Coleman, 31, has spent parts of six seasons in the majors, most recently in 2016 with the Dodgers. Though he struggled in his 48 frames with Los Angeles, Coleman was at least able to show again that he could stay healthy after missing the bulk of 2015. He posted velocity and swinging-strike (12.4%) figures in line with his career norms, but ended the year with a 4.69 ERA and 8.4 K/9 against 4.5 BB/9.
It came as no surprise when Coleman settled for a minor-league agreement with the Reds last winter, but it also seemed reasonable to expect he could earn his way back to the majors. After all, prior to landing with the Dodgers, Coleman owned a lifetime 3.20 ERA through 177 1/3 MLB frames.
As it turned out, though, Coleman failed to crack the Reds’ dreadful pen and also could not earn a shot upon signing with the Diamondbacks in the middle of the 2017 campaign. But he did rack up quality innings at Triple-A through the year, ended with 64 frames of 2.25 ERA pitching over fifty outings. Coleman averaged a solid 10.8 K/9 on the year, though he also surrendered 4.5 BB/9, reflecting a longstanding propensity to hand out a few too many free passes.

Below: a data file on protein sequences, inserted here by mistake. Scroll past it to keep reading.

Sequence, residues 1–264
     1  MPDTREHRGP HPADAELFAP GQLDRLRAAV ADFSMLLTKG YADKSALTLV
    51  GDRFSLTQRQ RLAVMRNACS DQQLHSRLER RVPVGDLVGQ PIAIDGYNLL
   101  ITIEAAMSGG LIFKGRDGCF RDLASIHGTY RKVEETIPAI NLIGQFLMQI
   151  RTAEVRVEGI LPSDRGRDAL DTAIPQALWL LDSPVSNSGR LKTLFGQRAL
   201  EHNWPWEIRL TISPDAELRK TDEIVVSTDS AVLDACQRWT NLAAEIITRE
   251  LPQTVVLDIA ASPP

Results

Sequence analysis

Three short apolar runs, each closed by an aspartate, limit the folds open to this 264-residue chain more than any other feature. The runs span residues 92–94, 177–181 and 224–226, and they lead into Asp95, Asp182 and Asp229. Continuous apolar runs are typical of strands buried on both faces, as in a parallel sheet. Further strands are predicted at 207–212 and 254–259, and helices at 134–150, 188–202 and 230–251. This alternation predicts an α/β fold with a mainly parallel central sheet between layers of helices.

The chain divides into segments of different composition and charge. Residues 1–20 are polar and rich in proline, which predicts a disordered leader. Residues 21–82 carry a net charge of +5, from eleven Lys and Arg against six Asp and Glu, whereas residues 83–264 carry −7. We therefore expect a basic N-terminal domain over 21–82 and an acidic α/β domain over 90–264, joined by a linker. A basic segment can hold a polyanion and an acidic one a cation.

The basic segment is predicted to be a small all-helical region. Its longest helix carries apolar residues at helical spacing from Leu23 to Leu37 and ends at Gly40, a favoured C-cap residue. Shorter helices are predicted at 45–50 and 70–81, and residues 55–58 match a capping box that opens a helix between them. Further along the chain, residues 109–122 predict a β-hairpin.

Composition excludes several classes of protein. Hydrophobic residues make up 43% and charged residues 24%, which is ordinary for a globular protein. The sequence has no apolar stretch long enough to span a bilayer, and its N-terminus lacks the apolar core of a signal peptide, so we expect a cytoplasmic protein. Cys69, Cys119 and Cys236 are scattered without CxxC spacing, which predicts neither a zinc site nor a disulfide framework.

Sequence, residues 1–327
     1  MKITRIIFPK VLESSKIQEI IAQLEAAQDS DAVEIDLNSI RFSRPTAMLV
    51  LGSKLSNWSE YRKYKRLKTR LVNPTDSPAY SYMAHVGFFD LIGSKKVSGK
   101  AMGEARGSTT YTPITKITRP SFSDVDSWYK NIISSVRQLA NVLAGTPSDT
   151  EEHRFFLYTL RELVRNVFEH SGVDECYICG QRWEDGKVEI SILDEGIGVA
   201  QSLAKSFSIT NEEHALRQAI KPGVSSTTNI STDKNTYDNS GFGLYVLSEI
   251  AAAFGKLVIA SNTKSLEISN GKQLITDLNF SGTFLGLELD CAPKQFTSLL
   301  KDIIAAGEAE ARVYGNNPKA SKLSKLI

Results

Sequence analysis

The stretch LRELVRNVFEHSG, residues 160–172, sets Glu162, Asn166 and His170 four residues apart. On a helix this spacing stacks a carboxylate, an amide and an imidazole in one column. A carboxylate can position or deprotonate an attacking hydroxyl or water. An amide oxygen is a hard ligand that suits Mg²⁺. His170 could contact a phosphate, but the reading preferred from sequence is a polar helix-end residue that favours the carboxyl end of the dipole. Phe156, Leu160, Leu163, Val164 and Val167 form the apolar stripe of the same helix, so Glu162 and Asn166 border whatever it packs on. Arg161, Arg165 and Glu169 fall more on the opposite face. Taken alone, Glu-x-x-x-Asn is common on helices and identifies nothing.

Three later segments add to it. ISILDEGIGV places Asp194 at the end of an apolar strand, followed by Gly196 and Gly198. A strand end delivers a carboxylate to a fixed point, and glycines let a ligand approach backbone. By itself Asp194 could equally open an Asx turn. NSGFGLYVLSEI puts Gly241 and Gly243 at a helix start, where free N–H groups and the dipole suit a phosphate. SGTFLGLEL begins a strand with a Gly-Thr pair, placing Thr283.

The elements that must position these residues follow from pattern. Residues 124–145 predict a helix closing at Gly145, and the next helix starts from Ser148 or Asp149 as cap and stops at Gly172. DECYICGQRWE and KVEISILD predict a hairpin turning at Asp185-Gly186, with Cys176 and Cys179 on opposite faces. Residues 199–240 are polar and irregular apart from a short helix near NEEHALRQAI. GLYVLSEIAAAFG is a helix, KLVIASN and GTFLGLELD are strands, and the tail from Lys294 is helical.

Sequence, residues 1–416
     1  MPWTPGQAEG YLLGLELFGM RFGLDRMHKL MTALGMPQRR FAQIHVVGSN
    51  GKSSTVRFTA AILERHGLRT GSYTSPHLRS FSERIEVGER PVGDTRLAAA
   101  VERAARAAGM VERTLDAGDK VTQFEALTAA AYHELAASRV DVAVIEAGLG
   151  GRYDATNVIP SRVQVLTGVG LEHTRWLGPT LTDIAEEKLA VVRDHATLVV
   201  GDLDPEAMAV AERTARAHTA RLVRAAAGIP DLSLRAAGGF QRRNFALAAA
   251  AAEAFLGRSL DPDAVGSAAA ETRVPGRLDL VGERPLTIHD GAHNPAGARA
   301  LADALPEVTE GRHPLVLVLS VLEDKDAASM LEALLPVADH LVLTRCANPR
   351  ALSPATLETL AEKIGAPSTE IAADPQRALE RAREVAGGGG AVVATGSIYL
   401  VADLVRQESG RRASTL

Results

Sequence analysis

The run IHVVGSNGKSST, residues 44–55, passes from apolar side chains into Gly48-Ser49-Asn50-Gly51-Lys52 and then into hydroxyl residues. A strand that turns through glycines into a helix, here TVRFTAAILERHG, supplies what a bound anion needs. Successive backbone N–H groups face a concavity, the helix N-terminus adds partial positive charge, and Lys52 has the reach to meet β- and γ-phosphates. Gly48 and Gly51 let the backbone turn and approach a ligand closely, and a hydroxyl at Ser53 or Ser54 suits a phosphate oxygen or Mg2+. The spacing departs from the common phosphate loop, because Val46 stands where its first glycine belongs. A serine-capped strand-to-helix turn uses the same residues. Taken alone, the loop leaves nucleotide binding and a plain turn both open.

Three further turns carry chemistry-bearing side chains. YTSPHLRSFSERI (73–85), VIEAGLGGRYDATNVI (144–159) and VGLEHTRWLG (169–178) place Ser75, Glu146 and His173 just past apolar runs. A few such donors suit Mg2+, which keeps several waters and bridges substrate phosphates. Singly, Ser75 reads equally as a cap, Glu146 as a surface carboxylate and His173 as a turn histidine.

Now, Coleman will join the mix at Tigers camp in hopes of earning a spot in the pecking order — if not a MLB job out of camp. The organization is not exactly loaded with sure things in the relief corps. Unsurprisingly, the Tigers have brought in a few non-roster players already, including pitchers such as Travis Wood and Enrique Burgos, to boost the depth and provide competition this spring.